Trying to convince the Court of Appeals that a substantial right exists which warrants the immediate appeal of an interlocutory order is no easy feat, and the Court’s decision today in Skanska USA Building, Inc. v. Blythe Development Co. is no exception.
In Skanska, a third-party complaint was brought against the subcontractor who designed and built retaining walls at an upscale shopping mall in Charlotte after portions of those retaining walls collapsed. The original third-party complaint and summons incorrectly named the subcontractor’s sister corporation as the third-party defendant. The appeal ensued after the trial court granted a motion to amend the third-party complaint and summons to substitute in the proper third-party defendant.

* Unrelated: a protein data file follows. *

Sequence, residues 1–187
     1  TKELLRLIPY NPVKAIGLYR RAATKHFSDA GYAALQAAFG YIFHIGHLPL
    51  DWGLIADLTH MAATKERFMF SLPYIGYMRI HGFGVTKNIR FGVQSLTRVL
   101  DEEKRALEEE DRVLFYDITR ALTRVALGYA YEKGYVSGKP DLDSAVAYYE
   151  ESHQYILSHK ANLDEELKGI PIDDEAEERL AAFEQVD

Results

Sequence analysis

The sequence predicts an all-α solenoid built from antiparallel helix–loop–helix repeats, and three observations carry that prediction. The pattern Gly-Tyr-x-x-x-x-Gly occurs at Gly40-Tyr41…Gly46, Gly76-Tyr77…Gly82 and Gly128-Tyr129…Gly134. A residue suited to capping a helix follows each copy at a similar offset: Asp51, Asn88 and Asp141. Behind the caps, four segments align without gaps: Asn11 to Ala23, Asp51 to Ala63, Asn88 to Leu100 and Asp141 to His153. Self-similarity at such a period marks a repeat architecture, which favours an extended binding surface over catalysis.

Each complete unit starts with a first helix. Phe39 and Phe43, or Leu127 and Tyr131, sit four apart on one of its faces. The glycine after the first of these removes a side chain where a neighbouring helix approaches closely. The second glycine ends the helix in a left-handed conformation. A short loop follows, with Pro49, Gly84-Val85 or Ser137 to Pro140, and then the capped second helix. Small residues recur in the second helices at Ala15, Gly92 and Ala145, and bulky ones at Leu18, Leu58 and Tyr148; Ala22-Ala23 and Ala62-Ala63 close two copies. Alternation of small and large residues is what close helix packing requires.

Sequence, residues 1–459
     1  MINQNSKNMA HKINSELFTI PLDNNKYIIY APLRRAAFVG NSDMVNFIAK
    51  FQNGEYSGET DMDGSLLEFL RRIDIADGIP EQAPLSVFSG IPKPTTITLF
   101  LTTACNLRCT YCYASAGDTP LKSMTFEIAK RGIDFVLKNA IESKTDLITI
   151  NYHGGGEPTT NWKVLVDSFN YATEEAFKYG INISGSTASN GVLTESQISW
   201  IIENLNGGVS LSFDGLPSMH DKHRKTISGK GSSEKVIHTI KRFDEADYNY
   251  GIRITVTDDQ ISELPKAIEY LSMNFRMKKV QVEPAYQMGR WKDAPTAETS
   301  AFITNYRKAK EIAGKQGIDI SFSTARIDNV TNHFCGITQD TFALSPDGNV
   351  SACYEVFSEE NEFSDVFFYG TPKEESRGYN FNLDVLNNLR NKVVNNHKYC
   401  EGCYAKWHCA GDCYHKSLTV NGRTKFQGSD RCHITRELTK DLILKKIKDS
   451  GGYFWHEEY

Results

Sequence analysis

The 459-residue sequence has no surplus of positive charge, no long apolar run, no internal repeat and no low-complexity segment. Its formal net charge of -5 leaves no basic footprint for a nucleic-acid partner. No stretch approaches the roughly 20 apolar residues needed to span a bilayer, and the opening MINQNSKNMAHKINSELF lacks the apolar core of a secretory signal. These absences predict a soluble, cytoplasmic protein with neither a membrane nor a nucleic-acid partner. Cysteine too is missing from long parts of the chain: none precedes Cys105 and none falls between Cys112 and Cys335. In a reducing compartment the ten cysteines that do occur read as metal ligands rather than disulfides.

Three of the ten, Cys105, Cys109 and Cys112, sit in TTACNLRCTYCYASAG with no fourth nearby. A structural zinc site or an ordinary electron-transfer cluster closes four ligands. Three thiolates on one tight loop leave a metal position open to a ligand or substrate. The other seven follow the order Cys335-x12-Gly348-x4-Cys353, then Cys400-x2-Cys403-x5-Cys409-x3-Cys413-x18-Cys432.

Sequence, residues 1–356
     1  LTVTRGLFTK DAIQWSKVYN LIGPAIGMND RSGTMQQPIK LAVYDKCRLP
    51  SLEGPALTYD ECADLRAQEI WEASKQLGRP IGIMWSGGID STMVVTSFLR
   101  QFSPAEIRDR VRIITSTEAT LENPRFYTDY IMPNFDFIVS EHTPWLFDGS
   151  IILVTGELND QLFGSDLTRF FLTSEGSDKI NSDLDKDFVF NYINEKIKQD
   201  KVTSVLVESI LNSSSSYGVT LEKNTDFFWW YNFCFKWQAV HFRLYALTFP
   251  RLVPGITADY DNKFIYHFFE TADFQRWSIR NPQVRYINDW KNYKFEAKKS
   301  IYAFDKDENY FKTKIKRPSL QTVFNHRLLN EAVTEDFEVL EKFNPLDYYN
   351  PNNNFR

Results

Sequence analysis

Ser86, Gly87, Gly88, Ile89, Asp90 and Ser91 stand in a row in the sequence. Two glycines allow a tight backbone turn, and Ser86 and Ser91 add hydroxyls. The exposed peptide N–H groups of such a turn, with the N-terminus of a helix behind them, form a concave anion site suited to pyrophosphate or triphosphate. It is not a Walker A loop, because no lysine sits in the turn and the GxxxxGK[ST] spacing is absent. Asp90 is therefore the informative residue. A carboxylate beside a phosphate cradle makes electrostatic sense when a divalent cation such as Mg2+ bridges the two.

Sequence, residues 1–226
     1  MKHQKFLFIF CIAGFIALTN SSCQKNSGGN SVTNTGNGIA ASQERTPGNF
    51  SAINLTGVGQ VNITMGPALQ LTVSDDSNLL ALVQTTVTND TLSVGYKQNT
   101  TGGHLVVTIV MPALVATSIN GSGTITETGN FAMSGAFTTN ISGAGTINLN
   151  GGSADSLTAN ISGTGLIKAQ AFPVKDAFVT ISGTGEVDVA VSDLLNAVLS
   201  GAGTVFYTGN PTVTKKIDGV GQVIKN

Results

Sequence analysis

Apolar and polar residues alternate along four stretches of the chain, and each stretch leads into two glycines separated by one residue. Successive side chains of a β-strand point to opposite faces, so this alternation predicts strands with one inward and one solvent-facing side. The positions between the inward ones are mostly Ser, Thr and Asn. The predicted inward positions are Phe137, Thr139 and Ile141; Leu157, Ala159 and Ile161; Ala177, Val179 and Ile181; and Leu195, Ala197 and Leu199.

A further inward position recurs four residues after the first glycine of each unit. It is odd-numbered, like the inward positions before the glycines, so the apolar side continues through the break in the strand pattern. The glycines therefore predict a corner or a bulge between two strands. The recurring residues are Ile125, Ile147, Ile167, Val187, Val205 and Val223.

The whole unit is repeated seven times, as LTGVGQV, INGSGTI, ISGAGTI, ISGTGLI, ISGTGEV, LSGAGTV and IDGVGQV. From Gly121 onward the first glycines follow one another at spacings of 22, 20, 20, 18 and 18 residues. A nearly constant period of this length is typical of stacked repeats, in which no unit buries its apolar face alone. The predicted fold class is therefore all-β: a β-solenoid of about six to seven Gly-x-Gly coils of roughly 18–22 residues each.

The Court of Appeals dismissed the appeal in part because the appellant had not shown that the trial court’s interlocutory order affected a substantial right. However, rather than relying on prior North Carolina cases in which interlocutory orders on the sufficiency of service of process were found to not be immediately appealable, the Court turned to general language from its decision in Burton v. Phoenix Fabricators & Erectors, Inc.: “a mere desire to avoid trial does not give rise to a substantial right justifying an interlocutory appeal.”
The Court of Appeals may find this same language persuasive in other contexts if you find yourself arguing against an appellant’s attempt to invoke the substantial rights exception.